TORONTO — Premier Doug Ford teased good news on steps toward reopening for retail stores, parks, cottagers and people missing loved ones Monday, as long as the province’s COVID-19 numbers keep going down.
Ontario reported 370 new cases of COVID-19 Monday, bringing the provincial total 2.1 per cent higher than the previous day, part of a downward trend.
There were also 84 more deaths reported. Ontario has now seen 17,923 cases, including 1,300 deaths and 12,505 resolved cases — nearly 70 per cent of all of Ontario’s cases.
Hospitalizations, another key indicator, dropped, as did the number of people with COVID-19 in intensive care, while the number of patients on ventilators remained relatively stable.
Ford said that if the promising numbers continue, Ontario will be able to start reopening sooner rather than later.
“It gives us the confidence that we’re getting close to opening parks, that we’re getting close to opening retail for curbside pickup,” he said.
“It gives us confidence that we’re on the right track.”
Ford said retail should start getting ready now.
“No matter if it’s three weeks, four weeks, two weeks, whenever it is, start prepping, getting masks ready,” he said.
“It’s inevitable, if the numbers keep going down. We’re going to get the economy going based on health and science.”
Asked Monday about the possibility of bubbles, the concept of one household interacting with just one other household, which some other provinces are allowing, Ford was receptive.
“I think the opportunity will come hopefully sooner rather than later,” he said.
“The sooner we can have some loved ones over, and you’re right, give them a hug, then we’re going to get that moving as quickly as possible. So let’s just keep working on reducing the numbers.”
The premier also said he will speak with cottage country mayors this week, noting that the May long weekend is approaching.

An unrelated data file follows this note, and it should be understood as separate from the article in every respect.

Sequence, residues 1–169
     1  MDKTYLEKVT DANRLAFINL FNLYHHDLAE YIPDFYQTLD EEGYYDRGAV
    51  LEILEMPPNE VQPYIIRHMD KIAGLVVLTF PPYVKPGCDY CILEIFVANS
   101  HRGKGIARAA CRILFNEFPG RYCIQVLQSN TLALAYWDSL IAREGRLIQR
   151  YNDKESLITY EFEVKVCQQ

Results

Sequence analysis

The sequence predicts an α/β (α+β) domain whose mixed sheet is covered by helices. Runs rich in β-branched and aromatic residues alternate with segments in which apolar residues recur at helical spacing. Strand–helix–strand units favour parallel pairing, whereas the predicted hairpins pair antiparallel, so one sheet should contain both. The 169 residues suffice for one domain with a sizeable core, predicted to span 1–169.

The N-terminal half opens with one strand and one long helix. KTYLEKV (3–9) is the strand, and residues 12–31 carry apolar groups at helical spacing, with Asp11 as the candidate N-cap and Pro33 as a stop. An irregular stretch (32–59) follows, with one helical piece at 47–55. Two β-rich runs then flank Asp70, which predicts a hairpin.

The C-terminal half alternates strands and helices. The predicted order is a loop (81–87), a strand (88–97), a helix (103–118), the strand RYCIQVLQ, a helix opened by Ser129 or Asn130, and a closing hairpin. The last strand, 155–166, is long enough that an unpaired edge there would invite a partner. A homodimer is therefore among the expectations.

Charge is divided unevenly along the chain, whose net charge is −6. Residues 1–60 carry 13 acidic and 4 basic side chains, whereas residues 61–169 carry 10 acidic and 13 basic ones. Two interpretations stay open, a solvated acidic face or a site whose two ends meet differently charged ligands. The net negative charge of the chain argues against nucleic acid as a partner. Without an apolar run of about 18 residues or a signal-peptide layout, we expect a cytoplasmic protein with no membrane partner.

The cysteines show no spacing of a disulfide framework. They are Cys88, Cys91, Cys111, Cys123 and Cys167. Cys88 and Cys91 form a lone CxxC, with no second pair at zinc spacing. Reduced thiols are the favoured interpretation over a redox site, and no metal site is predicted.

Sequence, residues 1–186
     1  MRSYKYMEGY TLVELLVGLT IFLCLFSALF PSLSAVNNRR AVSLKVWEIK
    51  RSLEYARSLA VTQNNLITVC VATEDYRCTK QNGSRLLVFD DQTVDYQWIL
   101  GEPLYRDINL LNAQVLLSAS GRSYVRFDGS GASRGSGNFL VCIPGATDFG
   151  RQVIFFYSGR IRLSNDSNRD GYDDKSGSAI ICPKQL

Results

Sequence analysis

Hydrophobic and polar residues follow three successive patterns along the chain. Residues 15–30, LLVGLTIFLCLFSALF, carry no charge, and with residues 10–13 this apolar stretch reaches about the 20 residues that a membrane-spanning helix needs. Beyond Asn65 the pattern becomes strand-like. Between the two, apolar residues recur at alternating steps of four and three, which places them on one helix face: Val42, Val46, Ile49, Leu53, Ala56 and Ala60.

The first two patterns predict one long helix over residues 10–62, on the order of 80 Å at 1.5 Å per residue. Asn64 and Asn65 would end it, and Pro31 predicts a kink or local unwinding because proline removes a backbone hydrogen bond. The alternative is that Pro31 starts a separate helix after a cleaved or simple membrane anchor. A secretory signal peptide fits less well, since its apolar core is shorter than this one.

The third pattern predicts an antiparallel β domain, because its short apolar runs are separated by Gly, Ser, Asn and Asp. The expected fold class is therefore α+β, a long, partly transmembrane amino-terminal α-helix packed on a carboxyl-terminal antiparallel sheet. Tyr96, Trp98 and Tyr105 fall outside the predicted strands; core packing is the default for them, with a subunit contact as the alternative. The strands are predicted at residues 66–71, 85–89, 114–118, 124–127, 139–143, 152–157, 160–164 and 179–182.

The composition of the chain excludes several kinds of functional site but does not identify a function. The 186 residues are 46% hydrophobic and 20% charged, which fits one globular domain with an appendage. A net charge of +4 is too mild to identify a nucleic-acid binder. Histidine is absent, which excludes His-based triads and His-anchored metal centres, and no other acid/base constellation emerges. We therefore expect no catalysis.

“If people go up to their cottage, bring their own food, don’t go to the stores, stay at their cottage, by May the 24th, there’s only so long I can hold the big gates back from these people,” Ford said.
In long-term care, where information comes from a different database than the provincial totals, five more outbreaks were reported for a total of 175, and 18 more deaths were reported for a total of 972.
There were 14,555 tests completed in the past 24 hours, the lowest total in four days, though officials have said there tends to be less demand on the weekends.
Ontario had been testing well below its capacity, and earlier this month Ford called for that to be ramped up. The province is now conducting the most tests per day, both in terms of volume and per capita, Ford said Monday.
Monday marked a gradual start to reopening in Ontario, as a small list of mostly seasonal businesses were allowed to set up shop again, including garden centres that offer curbside pick-up, lawn care and landscaping companies and automatic car washes.
The president of the Canadian Federation of Independent Business said Monday he’s happy the province has begun to take incremental steps towards reopening the economy.
But Dan Kelly urged the government to let small businesses reopen where it is safe and they can respect public health measures.
“I think the province has been so focused on the health-care aspects associated with COVID-19 that they have not been attending as closely to the economic effects of COVID-19,” he said. “And both are considerable challenges.”
Kelly said Ontario’s current rules give large, big box stores an unfair advantage because they are allowed to open as essential grocery retailers, but also provide a number of non-essential products.
Kelly warned that if small businesses aren’t allowed to reopen soon, some will not be able to reopen at all.
“The consequence is massive business closures,” he said. “We’ve got to find a way to allow a heartbeat of commerce to take place.”
Auto dealerships were allowed to reopen but by appointment only, and marinas and golf courses can prepare to reopen.